Abstract: This study describes a multilevel examination of person–group (PG) fit perceptions in a sample of 1023 individuals working in 92 teams at a private sector R&D firm. Using confirmatory factor analysis and multilevel random coefficient modeling, we provide evidence that perceptions of team-level collective fit are unique from aggregated individual-level PG fit perceptions at the individual and team levels. We demonstrate that collective values-based and abilities-based fit perceptions showed unique and positive relationships with team cohesion, team efficacy, and team performance, after accounting for aggregated individual perceptions of PG fit. Results also demonstrate that cohesion partially mediates the relationship between collective fit and team performance. Cross-level effects were also supported, indicating that collective fit explains additional variance in individual-level outcomes, beyond individual-level PG fit perceptions. The usefulness of employing a multilevel approach to studying PG fit is discussed. Copyright © 2014 John Wiley & Sons, Ltd.
      PubDate: 2014-06-11T00:26:10.028403-05:
      DOI: 10.1002/job.1942
  • Making sense of the sensemaking perspective: Its constituents,
           limitations, and opportunities for further development
    • Authors: Jörgen Sandberg; Haridimos Tsoukas
      Abstract: Through a wide-ranging critical review of relevant publications, we explore and articulate what constitutes the sensemaking perspective in organization studies, as well as its range of applications and limitations. More specifically, we argue that sensemaking in organizations has been seen as consisting of specific episodes, is triggered by ambiguous events, occurs through specific processes, generates specific outcomes, and is influenced by several situational factors. Furthermore, we clarify the application range of the sensemaking perspective and identify, as well as account for, the types and aspects of organizational sensemaking that have been under-researched. We critically discuss the criticism that the sensemaking perspective has received so far and selectively expand on it. Finally, we identify the main limitations of the sensemaking perspective, which, if tackled, will advance it: the neglect of prospective sensemaking, the exclusive focus on disruptive episodes at the expense of more mundane forms of sensemaking implicated in routine activities, the ambiguous status of enactment, the conflation of first-order and second-order sensemaking, and the lack of proper attention to embodied sensemaking. Copyright © 2014 John Wiley & Sons, Ltd.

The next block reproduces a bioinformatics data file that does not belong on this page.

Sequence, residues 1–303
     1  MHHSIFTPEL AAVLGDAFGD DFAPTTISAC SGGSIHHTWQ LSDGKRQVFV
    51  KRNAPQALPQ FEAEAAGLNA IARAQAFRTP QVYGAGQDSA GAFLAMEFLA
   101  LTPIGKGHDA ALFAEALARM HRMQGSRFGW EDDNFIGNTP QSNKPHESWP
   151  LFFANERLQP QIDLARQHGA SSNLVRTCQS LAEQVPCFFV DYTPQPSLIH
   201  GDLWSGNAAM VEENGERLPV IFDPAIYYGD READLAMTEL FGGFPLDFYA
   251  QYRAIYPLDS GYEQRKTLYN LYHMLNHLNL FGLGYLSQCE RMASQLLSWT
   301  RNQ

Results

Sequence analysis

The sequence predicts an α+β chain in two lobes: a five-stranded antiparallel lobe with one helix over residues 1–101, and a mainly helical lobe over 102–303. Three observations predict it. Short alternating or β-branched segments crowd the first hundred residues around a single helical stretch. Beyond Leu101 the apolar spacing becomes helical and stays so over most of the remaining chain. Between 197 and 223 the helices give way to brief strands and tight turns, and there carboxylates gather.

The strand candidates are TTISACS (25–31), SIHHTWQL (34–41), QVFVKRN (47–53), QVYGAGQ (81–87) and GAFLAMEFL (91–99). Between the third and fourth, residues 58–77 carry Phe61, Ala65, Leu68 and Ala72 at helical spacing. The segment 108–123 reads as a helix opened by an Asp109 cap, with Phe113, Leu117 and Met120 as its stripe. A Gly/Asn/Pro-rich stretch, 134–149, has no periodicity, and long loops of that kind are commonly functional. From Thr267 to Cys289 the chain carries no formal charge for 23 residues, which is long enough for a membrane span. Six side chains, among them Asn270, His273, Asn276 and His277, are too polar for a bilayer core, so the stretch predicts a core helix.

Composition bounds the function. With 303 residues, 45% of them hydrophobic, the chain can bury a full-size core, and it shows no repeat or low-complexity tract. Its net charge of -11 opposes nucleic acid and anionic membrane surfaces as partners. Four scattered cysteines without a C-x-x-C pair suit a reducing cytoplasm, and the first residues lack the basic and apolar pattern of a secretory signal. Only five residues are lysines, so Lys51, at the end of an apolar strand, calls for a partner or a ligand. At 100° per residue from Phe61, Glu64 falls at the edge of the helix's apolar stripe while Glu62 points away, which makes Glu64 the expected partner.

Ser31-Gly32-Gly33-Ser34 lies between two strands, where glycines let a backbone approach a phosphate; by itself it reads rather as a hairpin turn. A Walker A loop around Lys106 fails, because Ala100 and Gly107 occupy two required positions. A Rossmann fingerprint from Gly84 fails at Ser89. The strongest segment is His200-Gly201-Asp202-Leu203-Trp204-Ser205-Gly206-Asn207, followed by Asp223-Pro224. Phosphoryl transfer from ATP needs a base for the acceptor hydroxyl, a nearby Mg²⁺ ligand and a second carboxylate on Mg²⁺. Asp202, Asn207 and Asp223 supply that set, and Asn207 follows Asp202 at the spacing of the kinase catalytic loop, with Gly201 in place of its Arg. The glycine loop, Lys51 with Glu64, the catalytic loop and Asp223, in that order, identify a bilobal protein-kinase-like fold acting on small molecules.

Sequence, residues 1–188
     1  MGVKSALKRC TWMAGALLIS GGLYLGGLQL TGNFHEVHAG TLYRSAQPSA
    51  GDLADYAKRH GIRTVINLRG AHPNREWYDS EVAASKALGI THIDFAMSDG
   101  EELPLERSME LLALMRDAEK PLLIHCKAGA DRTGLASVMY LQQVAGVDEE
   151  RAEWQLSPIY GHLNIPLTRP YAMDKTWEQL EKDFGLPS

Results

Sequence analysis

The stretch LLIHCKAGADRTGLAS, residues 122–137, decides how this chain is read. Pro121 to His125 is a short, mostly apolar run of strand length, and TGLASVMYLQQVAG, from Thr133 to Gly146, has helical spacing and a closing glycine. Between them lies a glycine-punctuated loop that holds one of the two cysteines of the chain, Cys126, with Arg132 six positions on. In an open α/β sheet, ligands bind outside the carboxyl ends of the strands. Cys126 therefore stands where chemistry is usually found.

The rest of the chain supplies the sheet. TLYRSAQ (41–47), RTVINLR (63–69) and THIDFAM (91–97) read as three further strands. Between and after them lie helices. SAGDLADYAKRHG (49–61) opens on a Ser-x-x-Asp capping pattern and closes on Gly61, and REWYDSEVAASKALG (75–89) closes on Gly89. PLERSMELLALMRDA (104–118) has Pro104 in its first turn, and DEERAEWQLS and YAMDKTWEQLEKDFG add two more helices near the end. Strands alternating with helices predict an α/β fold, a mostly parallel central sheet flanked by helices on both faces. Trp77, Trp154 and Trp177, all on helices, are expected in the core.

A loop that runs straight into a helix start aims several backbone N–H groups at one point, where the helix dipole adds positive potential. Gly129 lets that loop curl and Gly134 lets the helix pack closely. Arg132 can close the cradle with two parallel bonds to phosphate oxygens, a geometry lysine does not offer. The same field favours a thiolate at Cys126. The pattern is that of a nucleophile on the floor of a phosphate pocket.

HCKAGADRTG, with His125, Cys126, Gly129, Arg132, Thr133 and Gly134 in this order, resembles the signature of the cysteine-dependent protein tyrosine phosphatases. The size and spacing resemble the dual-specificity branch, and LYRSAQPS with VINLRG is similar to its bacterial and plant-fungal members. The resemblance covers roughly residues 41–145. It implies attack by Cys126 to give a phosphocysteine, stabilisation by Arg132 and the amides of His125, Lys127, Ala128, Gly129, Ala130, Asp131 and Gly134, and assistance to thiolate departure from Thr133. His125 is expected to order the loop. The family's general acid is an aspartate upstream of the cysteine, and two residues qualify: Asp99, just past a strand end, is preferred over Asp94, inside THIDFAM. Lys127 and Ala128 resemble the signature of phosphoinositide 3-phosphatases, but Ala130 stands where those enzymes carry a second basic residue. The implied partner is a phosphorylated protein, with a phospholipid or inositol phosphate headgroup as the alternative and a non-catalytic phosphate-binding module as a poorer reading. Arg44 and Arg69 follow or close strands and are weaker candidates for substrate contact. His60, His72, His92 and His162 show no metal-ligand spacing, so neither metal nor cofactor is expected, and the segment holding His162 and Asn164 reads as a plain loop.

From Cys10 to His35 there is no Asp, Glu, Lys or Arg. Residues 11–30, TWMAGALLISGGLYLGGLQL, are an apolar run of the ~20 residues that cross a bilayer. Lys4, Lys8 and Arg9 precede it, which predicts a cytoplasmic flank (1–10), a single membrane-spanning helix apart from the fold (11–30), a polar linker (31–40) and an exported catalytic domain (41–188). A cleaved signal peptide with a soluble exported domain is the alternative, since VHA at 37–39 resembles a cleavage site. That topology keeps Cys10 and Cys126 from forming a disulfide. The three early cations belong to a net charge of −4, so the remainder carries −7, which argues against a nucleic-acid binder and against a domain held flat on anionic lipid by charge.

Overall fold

PubDate: 2014-06-05T21:38:10.177749-05:
      DOI: 10.1002/job.1937
  • Tracking managerial conflict adaptivity: Introducing a dynamic measure of
           adaptive conflict management in organizations
    • Authors: Peter T. Coleman; Katharina G. Kugler